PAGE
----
- Citi stock continues to trade below its peer group based on book value.
- Citi's recent sales have led to improvements in ROE.
- A break up of Citi may result in trading valuations closer to peers, leading to nice upside.
Citigroup (NYSE:C) has continued to pay the price for the sins of the financial crisis. Last week, it was announced that Citi was being sued over alleged mishandling of mortgage underwriting from 2004-07. Then there are other litigations for major banks including Citi. In addition to this, the bank has been trying to downsize and decrease leverage by selling different businesses it does not find core to Citigroup. Should shareholders, however, demand an accelerated downsizing by breaking Citi up into multiple publicly held banks?
To grasp this concept, we must bring other S&P 500 banks (as defined by GICS) into the conversation. First, Citi is one of four large banks, Bank of America (NYSE:BAC), JP Morgan Chase (NYSE:JPM), and Wells Fargo (NYSE:WFC) in the S&P 500, ranking fourth among those peers. Compared by equity, Citi is third with $222 billion, which is $30 billion more than Wells Fargo.
One indicator to highlight the discrepancy is the price to book value. Citi currently trades at a price to book value ratio of 0.73. It is just over half of Wells Fargo (1.50) and the lowest among its fifteen peers in the S&P 500. This trend for Citi is nothing new as the bank had a price to book ratio of 0.76 a year ago based on a share price less than 0.5% lower than Friday’s close. This indicates that Citi’s book value is growing at a faster pace than its market capitalization.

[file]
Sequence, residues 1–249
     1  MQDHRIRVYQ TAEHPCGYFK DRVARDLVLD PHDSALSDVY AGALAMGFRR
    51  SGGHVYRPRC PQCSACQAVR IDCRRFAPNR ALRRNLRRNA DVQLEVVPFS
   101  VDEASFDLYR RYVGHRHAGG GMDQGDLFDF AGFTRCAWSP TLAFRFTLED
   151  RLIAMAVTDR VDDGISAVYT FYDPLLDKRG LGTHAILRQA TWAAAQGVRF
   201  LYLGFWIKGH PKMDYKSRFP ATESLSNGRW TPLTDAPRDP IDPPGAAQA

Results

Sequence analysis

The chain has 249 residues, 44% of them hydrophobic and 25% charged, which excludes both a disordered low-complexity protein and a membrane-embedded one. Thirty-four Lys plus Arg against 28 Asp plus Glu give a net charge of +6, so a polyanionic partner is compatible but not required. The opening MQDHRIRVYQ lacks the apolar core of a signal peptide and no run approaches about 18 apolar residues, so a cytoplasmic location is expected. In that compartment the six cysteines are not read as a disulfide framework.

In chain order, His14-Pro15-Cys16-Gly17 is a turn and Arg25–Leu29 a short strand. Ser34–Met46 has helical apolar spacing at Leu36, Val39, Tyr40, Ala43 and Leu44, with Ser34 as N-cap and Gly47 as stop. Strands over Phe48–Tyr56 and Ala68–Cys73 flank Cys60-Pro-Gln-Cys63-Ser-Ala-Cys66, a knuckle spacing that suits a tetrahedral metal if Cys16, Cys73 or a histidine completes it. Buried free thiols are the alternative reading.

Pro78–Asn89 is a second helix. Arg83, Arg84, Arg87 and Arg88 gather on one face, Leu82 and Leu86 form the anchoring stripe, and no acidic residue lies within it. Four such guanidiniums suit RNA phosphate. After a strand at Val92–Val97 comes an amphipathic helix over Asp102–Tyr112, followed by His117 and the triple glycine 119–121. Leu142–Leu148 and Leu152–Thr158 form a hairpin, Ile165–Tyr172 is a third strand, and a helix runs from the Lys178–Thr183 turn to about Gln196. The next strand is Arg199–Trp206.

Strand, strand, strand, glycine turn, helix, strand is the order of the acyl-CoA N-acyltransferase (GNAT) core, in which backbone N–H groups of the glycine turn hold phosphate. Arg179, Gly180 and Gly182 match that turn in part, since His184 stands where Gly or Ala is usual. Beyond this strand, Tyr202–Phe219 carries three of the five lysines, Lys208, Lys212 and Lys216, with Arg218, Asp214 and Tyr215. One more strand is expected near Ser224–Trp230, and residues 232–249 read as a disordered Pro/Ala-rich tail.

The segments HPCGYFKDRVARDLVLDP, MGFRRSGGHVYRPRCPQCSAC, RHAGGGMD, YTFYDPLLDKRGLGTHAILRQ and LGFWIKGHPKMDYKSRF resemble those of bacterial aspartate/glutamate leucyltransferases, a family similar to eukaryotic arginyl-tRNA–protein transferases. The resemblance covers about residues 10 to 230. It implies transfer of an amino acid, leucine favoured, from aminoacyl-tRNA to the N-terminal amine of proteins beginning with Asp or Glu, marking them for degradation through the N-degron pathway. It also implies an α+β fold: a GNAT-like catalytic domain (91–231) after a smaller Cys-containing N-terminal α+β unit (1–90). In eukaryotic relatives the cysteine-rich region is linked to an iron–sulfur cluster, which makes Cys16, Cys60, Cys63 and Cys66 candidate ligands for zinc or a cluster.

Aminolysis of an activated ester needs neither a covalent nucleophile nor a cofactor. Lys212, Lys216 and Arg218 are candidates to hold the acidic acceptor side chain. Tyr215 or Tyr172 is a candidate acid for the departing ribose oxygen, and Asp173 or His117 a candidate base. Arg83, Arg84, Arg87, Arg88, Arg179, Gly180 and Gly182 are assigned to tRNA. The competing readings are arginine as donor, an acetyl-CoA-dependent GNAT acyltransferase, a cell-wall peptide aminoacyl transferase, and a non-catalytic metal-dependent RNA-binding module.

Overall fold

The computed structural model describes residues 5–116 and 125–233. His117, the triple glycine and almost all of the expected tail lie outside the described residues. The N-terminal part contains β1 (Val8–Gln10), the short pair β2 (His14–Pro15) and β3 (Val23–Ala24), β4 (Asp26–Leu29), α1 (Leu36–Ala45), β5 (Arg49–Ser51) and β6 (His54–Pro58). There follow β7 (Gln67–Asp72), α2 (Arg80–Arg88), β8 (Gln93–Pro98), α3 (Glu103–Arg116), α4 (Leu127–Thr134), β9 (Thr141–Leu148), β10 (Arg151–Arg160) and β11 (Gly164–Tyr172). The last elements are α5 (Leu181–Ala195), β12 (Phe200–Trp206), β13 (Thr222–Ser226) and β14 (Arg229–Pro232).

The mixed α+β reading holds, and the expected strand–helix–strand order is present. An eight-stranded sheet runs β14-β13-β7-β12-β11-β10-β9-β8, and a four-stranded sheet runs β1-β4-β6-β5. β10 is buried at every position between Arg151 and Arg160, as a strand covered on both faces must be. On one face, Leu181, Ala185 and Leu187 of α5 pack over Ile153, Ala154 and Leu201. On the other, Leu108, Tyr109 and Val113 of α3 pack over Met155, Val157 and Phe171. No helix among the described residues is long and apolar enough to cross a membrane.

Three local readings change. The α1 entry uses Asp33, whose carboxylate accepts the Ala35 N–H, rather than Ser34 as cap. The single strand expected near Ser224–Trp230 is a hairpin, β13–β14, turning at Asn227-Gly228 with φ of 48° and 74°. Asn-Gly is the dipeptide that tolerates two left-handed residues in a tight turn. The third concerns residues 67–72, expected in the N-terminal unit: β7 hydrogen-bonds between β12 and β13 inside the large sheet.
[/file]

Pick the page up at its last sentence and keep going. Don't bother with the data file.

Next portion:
An additional statistic that may be enhanced by a break up is the return on equity. While Citi has improved its ROE over the last three quarters, it is third to last among its peer group at 5.86% on a twelve month basis. A break up could allow more parts of the bank to come under the microscope and either be improved (from an efficiency standpoint), sold, or wound down.
If a comparable valuation case is to be made within the peer group, it would at People’s United Bank. The company has a lower ROE, but trades above book value. Part of this, however, is because it has the highest yielding dividend among the peer group. By splitting Citi and getting a P/B ratio closer to PBCT, investors could see an appreciation of 40%.
There are several questions that remain if Citi were to go forward with splitting the bank. The foremost would be the structure of the individual entities. Does Citi split by geographical location? Do they split based on function (investment banking, consumer banking, etc)? Do they attempt to find a hybrid approach? These are all great questions regarding the future of Citi, but perhaps the greatest of all is how long shareholders are going to tolerate such low valuations before seeking new strategic alternatives.
All data in this article is managed from internal spreadsheets and compiled as of market close November 27, 2015.